Making An Excuse To Travel — How To Say Yes To The Itch
Mar 19, 2012
I know when I need to escape. Get away. Just go. There’s a feeling I get that can only be described as “antsy with life.”
It’s a feeling that I can’t ignore because it builds and builds until I finally go somewhere, anywhere. More often than not it’s a quick escape to the woods for a weekend of camping. But sometimes that feeling is a sign that I need to pull the trigger on something bigger, where I have to (no, scratch that, need to) hop on a plane and leave for some place new.
I’m making it seem like I’m the most spontaneous person in the world and I’m always jetting off somewhere, I’m not. In fact, I’m a free spirit locked down by an inner-planner. This means I’ve got excuses just like everyone else.
“I really want to go, but …” Insert long list of excuses here, right? I can’t take that much time off of work. It’s too expensive. What are we going to do with the cats, dogs, kids, etc.?
I get it.
I’m sad to say I’ve talked myself out of several big adventures in the past few years (please don’t talk to me about Thailand). But I’m also glad to say that I’ve talked myself into a few great trips in recent memory too (Puerto Rico with the girls, New Zealand on a whim for a pre-honeymoon and rafting the Colorado River on a solo journey!).
I’ve decided to travel more, travel often and put it at the top of my priority list because it seems (in my world at least) to re-balance life.
Yet, when my husband and I were supposed to take a trip to Belize earlier this year, the little voices in our heads started getting to us. February had sounded perfect for hiking in the jungle, exploring Mayan ruins and snorkeling one of the world’s best barrier reefs. How could it not?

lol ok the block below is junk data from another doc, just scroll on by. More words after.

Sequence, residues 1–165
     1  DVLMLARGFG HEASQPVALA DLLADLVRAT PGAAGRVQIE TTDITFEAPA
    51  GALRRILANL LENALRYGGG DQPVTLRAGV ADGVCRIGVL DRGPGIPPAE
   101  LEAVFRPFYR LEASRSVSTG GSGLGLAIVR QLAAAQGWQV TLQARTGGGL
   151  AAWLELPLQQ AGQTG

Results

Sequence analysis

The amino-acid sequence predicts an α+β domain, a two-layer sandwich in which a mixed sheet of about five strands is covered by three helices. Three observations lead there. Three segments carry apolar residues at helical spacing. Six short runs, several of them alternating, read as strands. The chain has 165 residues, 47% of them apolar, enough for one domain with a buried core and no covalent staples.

Somehow as our trip got closer though, both of us had some anxiety about going. We were going to miss meetings, deadlines and have to play catch up for weeks (excuses). We went, of course. We’re not crazy.
And something amazing seemed to happen after I stepped off the plane in Belize. All the noise in my head disappeared. I was able to completely enjoy this adventure we were having without thinking about what was looming back home, back in reality.
At some point on our trip I wondered if my husband was as blissed out and enjoying life as much as I was. I asked him if he had been thinking about work while we were away. But I knew the answer. He had lugged his laptop all the way to Belize just so it could sit unopened in a closet.
I think I found the answer to why we travel.
Traveling is therapeutic. Throwing yourself into the unknown is energizing. Seeing another culture is inspiring. Barreling down a river in a raft is liberating. Connecting with another human being on the other side of the world is life-changing. And perhaps most important, but often disregarded, is that taking time for you is healthy.
So why do so many of us continue to make excuses and convince ourselves NOT to travel?
We have to keep telling ourselves that there will never be a better time to go on that trip of a lifetime than right now. We have to keep telling ourselves until we make it a priority and go.
Because when we do go, when we finally escape, it’s so worth it.